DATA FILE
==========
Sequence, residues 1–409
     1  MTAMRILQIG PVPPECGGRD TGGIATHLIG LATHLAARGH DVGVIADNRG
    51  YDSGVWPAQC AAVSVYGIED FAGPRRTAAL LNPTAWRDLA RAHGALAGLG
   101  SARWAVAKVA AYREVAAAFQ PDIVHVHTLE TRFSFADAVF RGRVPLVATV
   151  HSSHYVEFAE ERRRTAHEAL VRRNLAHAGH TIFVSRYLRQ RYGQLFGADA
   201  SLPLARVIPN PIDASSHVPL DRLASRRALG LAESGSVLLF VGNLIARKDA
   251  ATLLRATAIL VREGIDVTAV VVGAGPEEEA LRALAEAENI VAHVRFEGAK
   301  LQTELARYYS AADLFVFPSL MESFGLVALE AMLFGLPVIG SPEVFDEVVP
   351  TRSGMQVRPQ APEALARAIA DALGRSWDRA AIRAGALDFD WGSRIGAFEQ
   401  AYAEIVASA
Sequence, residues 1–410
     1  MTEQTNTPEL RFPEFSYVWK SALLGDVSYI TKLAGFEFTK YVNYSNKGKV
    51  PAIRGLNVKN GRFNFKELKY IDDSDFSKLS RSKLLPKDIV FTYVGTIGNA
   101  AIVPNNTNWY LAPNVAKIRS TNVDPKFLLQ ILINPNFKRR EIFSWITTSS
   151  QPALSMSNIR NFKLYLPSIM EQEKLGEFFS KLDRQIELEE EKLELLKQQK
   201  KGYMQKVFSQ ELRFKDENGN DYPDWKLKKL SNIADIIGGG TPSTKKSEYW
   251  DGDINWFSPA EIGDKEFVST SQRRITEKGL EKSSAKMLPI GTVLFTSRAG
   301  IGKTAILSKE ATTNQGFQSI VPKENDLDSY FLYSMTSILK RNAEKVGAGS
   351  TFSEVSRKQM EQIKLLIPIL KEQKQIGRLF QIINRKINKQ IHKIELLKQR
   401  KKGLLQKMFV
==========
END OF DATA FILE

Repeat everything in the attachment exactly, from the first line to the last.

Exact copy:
Sequence, residues 1–409
     1  MTAMRILQIG PVPPECGGRD TGGIATHLIG LATHLAARGH DVGVIADNRG
    51  YDSGVWPAQC AAVSVYGIED FAGPRRTAAL LNPTAWRDLA RAHGALAGLG
   101  SARWAVAKVA AYREVAAAFQ PDIVHVHTLE TRFSFADAVF RGRVPLVATV
   151  HSSHYVEFAE ERRRTAHEAL VRRNLAHAGH TIFVSRYLRQ RYGQLFGADA
   201  SLPLARVIPN PIDASSHVPL DRLASRRALG LAESGSVLLF VGNLIARKDA
   251  ATLLRATAIL VREGIDVTAV VVGAGPEEEA LRALAEAENI VAHVRFEGAK
   301  LQTELARYYS AADLFVFPSL MESFGLVALE AMLFGLPVIG SPEVFDEVVP
   351  TRSGMQVRPQ APEALARAIA DALGRSWDRA AIRAGALDFD WGSRIGAFEQ
   401  AYAEIVASA
Sequence, residues 1–410
     1  MTEQTNTPEL RFPEFSYVWK SALLGDVSYI TKLAGFEFTK YVNYSNKGKV
    51  PAIRGLNVKN GRFNFKELKY IDDSDFSKLS RSKLLPKDIV FTYVGTIGNA
   101  AIVPNNTNWY LAPNVAKIRS TNVDPKFLLQ ILINPNFKRR EIFSWITTSS
   151  QPALSMSNIR NFKLYLPSIM EQEKLGEFFS KLDRQIELEE EKLELLKQQK
   201  KGYMQKVFSQ ELRFKDENGN DYPDWKLKKL SNIADIIGGG TPSTKKSEYW
   251  DGDINWFSPA EIGDKEFVST SQRRITEKGL EKSSAKMLPI GTVLFTSRAG
   301  IGKTAILSKE ATTNQGFQSI VPKENDLDSY FLYSMTSILK RNAEKVGAGS
   351  TFSEVSRKQM EQIKLLIPIL KEQKQIGRLF QIINRKINKQ IHKIELLKQR
   401  KKGLLQKMFV